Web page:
Banknotes during the Emergency
Special Identification Marking added to Legal Tender Note design War Codes
10 Shillings, £1, £5, £10, £20
Ireland, though covertly disposed towards the Allies during the Second World War, was very much a cut off and isolated place. The war years were officially termed “The Emergency” in the Republic of Ireland, after the passing of the Emergency Powers Act, 1939.
This is reflected in most Irish banknote issues of the period 1940-1944, which bear a Special Identification Marking (SIM), coloquially known as a “war code”, on the standard Legal Tender Note design for all denominations except the £50 and £100 notes.
The SIM war code takes the form of a coloured letter in a circle on the top left and bottom right of the face of each denomination. War code notes are a highly collectible variation of the A Series banknotes, and include some of the rarest and most interesting issues of modern Irish paper money.
Usage of the SIM War Code
The SIM was an extra security feature, used to keep track of the Irish banknotes from the time of their production in England to their being delivered safely to Ireland. Like the dates on the banknotes, the code letters were chosen at random by the Issuing Authority.
The main danger to the banknotes would have been from hostile action, bombing for example, most likely at the printing facility in England, or during transit to Ireland. Such an occurrence could have destroyed the notes, or rendered them very prone to theft.
Should such a loss have occurred, then it would have been a relatively simple procedure, knowing the quantities of banknotes printed under each SIM, to identify the losses and where necessary to cancel by decree all notes bearing a particular overprint. Such may have been the intention. However, there is no record of any batch of notes having been so cancelled.
Once banknotes of a certain code had started into circulation in Ireland, the code for that denomination was changed by the Issuing Authority.
The banknotes Currency Commission Ireland, Central Bank of Ireland
The war code banknotes straddle the era when the Currency Commission Ireland was wound up and replaced by the Central Bank of Ireland. Thus, the variety appears under each of the Issuing Authorities.
Linked Picture Pages
Currency Commission Ireland Type 4 1940-42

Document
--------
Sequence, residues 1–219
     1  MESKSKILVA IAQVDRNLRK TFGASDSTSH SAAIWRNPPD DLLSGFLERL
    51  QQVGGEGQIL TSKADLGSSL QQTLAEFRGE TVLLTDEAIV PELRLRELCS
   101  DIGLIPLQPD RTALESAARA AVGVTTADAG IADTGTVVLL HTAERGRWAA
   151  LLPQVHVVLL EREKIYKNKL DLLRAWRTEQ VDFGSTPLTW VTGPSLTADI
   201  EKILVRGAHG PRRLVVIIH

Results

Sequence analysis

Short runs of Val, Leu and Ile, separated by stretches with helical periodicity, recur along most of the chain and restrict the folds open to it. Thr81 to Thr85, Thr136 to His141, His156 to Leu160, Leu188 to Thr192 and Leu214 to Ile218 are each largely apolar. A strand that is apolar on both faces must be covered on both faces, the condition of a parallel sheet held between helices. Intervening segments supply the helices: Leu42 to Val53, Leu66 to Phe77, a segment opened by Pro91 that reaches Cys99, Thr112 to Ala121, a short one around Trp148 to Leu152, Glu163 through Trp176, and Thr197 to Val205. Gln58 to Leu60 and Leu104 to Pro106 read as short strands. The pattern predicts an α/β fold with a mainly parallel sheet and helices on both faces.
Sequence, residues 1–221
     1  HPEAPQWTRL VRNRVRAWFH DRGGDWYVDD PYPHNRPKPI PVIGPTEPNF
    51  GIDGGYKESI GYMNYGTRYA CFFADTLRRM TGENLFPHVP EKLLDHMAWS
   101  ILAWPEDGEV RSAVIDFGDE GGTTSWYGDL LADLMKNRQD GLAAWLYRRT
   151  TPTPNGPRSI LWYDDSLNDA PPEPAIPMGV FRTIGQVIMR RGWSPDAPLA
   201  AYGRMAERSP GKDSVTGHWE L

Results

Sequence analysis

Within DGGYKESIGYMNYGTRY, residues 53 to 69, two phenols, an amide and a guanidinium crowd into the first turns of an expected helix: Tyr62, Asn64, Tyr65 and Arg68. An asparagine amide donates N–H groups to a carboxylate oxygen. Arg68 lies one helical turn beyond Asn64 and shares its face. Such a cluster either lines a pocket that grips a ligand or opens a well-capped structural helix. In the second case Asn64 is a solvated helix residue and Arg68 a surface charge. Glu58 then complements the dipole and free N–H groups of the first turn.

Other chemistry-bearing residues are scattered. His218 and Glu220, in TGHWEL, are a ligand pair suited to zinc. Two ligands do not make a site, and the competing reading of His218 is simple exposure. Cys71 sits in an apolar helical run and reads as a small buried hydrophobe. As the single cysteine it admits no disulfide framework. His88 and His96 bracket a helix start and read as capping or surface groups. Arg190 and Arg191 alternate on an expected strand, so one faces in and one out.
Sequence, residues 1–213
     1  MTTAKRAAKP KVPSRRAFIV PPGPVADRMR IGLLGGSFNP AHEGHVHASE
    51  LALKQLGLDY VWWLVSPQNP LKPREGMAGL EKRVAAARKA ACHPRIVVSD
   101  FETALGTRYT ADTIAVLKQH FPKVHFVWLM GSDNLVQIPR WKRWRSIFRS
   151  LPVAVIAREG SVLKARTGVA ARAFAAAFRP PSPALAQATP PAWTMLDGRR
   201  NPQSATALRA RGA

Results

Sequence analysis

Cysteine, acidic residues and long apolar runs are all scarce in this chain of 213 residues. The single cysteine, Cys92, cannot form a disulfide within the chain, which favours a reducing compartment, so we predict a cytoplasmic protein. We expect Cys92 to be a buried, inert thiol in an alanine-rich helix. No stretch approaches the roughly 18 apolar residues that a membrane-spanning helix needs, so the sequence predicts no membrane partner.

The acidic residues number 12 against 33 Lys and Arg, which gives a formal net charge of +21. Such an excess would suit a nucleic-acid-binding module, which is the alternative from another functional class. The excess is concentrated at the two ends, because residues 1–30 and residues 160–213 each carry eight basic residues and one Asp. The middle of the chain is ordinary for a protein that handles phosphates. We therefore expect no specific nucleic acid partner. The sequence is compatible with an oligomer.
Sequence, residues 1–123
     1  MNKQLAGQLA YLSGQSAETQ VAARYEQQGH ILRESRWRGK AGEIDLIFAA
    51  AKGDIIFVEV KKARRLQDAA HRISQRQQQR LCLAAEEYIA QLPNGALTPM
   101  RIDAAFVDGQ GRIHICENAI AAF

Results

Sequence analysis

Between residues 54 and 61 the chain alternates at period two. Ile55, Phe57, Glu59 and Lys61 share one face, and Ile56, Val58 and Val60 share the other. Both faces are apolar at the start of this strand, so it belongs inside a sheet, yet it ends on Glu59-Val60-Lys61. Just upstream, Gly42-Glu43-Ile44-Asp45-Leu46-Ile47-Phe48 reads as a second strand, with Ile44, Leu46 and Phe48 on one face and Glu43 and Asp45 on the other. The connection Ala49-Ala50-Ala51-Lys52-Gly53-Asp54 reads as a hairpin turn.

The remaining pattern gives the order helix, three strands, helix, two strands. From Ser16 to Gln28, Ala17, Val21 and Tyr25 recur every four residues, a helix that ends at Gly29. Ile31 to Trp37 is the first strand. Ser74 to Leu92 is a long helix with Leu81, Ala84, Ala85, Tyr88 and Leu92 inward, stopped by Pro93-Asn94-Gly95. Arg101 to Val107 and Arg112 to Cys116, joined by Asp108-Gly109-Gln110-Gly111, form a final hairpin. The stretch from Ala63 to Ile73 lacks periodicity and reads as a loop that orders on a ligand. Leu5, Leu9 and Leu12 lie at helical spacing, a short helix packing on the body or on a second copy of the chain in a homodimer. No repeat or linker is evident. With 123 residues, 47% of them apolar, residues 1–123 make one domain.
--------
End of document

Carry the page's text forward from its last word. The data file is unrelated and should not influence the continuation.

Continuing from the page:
Central Bank of Ireland 1943 War Code Specimen Images
Central Bank of Ireland War Code Notes Type 5 1943-44
War Code Letters
Twenty eight different SIM codes were used as special markings. Spread across the five lower denominations, they employ twenty different letters. The letters I, O, Q, U, X, and Z were not used. The first four of these are the letters which were always avoided in serial prefixes on the A Series notes, due to their potential similarity to numerals. Perhaps tradition precluded their use as ETO codes also. No pattern to their occurrence is apparent. The code letters were probably chosen at random.
All of the codes are distinctively coloured. The colour tone varies slightly for most of the codes. This is normal, and probably due to variations in the ink supply, the ink itself, or in the force in the press used to print the codes, or a combination of all these factors. For a few of the codes, there is a very significant variation in colour shade. These are the three blue codes (10 Shillings: H; £1: Y; £20 A), which vary from a pale sky blue to a very dark blue. The occurrence of the variation is apparently randomly spread throughout the dates of issue. The difference in shades is most marked in the H code on the Ten Shilling notes.
Below is a chart of all of the letters used as Special Identification Markings. Click on a code for an example of a banknote with that war code letter
Currency Commission Ireland
The four lower denominations (10 Shillings through to Ten Pounds) of Currency Commission notes were printed with various war codes in the period 1940 to 1942.
The Central Bank of Ireland
In 1943 The Central Bank of Ireland was created in place of the Currency Commission. Special Identification Markings appear on the five lower denominations of the Central Bank issue from 1943 to 1944. The Code was discontinued on banknotes dated from 1945 onwards.
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